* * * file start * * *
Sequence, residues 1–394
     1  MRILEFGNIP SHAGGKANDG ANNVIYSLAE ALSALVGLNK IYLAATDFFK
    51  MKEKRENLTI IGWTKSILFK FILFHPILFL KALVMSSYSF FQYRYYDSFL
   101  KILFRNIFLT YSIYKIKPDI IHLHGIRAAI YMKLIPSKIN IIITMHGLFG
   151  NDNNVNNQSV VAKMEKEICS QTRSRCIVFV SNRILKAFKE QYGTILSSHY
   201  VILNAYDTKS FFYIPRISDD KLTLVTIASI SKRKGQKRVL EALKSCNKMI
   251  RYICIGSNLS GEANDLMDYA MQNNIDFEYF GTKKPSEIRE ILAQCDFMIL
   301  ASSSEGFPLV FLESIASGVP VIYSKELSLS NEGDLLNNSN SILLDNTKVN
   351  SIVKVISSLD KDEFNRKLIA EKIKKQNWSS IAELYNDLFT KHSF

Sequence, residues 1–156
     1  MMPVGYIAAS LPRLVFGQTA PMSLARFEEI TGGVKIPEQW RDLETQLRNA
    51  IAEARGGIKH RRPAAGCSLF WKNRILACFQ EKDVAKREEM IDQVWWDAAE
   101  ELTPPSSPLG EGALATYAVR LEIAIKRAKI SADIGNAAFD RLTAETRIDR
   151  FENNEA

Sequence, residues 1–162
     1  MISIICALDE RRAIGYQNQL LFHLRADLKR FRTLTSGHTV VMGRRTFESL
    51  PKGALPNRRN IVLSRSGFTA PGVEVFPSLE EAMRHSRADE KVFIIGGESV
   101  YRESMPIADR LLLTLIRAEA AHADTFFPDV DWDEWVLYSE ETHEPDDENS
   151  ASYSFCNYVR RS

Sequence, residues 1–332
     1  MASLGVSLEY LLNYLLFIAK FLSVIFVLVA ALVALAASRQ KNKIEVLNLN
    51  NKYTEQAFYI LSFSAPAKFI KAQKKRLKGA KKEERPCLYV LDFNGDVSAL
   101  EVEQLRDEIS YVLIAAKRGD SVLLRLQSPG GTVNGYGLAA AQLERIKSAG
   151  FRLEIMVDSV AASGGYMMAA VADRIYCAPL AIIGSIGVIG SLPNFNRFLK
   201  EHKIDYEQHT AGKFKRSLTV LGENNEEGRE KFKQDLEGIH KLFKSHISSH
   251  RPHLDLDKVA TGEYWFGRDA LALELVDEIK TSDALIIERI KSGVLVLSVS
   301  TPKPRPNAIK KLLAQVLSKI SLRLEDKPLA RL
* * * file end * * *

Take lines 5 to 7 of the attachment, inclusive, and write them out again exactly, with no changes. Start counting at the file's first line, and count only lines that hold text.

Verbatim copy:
   151  NDNNVNNQSV VAKMEKEICS QTRSRCIVFV SNRILKAFKE QYGTILSSHY
   201  VILNAYDTKS FFYIPRISDD KLTLVTIASI SKRKGQKRVL EALKSCNKMI
   251  RYICIGSNLS GEANDLMDYA MQNNIDFEYF GTKKPSEIRE ILAQCDFMIL